Making Cents of the Economy

cents 2009

Serious coin collectors search for “key dates” in series of coins. These are years in which mintages were low, resulting in a relative scarcity. Often low mintages point to financial upheaval within the nation. (I’m still looking for a nice specimen of the 1931 cent marked with the S, for San Francisco. It’s only one of two issues of the Lincoln series with a production of less than a million.)

Take a look at cent mintages in the years that kick-started the last US Depression: 1929, 277 million; 1930: almost 222 million; 1931: 24.6 million; 1932: 19.5 million; 1933: 20.5 million. By 1934 production levels returned to the 200-millions.

What about other US coins? Not so good. In 1932 and 1933 no nickels or dimes were produced. The best pre-depression year for quarters was 1920, with a total production of over 37 million from the three mints in Philadelphia, Denver, and San Francisco. By 1930, production had fallen to just over seven million. 1931: nothing. 1932, the first year of the Washington design, a little over six million. 1933: nothing. Half dollar mintage went on hiatus too, from 1930 to 1932. Silver dollars from 1929 to 1933. You can collect two-and-a-half and five dollar gold pieces dated up to 1929, but no later–all gold coinage was phased out by FDR. You get the idea, right?

2009 LincolnCentR1I read a few months ago that the US Treasury stopped nickel and dime production in February this year. 2009-dated coins were selling on eBay for up to $80 this past Spring. Now, what little was produced is seeping into cash register drawers and pockets, so the internet speculators seem to have jumped the gun. But you never know; that 1931-S cent in mint condition is worth over $100 today.

Treasury isn’t wasting the opportunity to make something of the cent–its biggest money loser now that it costs over 2 cents to make each penny. If you wanted any of the cents with the new Lincoln reverse designs, you could order them from the Mint for something like $25 for two rolls of cents–one dollar’s worth, circulated value.

2009 LincolnCentR3I finally saw my first 2009 cents in change the other week. They weren’t the log cabin cents released in February, but the second in the series. The next day, I went to the local bank, and indeed yes: they had rolls of the new Lincoln “formative years” cent. So I had a $24 discount on Mint prices; I paid face value for two rolls. (See above.)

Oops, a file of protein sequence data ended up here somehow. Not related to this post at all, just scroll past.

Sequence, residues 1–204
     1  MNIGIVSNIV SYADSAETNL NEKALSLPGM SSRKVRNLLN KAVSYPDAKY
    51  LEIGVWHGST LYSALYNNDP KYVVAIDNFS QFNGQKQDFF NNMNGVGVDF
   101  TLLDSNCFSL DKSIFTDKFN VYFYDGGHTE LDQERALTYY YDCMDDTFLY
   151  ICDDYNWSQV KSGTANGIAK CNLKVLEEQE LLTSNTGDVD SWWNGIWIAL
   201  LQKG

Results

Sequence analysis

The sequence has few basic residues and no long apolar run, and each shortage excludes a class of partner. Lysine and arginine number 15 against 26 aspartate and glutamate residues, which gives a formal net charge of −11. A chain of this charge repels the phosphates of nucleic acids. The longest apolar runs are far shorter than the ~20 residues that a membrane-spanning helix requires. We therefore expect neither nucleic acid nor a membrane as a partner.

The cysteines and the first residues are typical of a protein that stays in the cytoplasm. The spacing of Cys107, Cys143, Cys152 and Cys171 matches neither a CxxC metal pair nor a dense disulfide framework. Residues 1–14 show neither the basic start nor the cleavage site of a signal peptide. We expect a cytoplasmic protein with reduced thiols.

Later this year, the other designs (if the Mint is still producing) will feature Lincoln at the Illinois  capitol building in Springfield (left), and the headscratcher of the designs, the unfinished Capitol in Washington (lower right).

2009 LincolnCentR4I like the similarities of the lettering. I like the use of buildings in three of the four designs quite a bit less. Lincoln was a lawyer by trade, and it would seem that some representation of his profession–that wasn’t s building–would give variety in the presentation.

As for the US Capitol, it was true that our 16th president served in the House of Representatives for several years, most people know him as “president,” not “congressman.” If you want to peek at some possibilities for 2010 when the depiction of the Lincoln Memorial will be retired, check this site.

It will be interesting to see how any supposed economic recovery will be reflected in the production of coins next year. During the Great Depression, only the cents maintained production, though at a fraction of pre-crisis levels. If we don’t see coins dated 2010, 2011, and all, a case might be made that the banks, government, and financial giants have landed us much deeper that they’re letting on.


About catholicsensibility

Todd lives in the Pacific Northwest, serving a Catholic parish as a lay minister.
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